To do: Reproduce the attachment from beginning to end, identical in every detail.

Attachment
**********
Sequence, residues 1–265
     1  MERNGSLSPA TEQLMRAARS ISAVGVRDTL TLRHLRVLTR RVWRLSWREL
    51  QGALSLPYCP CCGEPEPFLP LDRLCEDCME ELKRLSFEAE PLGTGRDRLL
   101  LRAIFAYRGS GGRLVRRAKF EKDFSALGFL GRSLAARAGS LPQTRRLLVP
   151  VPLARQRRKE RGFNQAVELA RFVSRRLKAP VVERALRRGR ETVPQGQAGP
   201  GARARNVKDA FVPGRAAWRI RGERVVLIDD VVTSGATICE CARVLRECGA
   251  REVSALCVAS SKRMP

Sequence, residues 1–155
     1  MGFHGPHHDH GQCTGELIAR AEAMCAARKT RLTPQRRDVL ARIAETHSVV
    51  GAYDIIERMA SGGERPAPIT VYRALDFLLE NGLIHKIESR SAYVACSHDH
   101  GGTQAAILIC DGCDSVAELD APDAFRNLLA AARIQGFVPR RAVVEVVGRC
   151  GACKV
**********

Sequence, residues 1–265
     1  MERNGSLSPA TEQLMRAARS ISAVGVRDTL TLRHLRVLTR RVWRLSWREL
    51  QGALSLPYCP CCGEPEPFLP LDRLCEDCME ELKRLSFEAE PLGTGRDRLL
   101  LRAIFAYRGS GGRLVRRAKF EKDFSALGFL GRSLAARAGS LPQTRRLLVP
   151  VPLARQRRKE RGFNQAVELA RFVSRRLKAP VVERALRRGR ETVPQGQAGP
   201  GARARNVKDA FVPGRAAWRI RGERVVLIDD VVTSGATICE CARVLRECGA
   251  REVSALCVAS SKRMP

Sequence, residues 1–155
     1  MGFHGPHHDH GQCTGELIAR AEAMCAARKT RLTPQRRDVL ARIAETHSVV
    51  GAYDIIERMA SGGERPAPIT VYRALDFLLE NGLIHKIESR SAYVACSHDH
   101  GGTQAAILIC DGCDSVAELD APDAFRNLLA AARIQGFVPR RAVVEVVGRC
   151  GACKV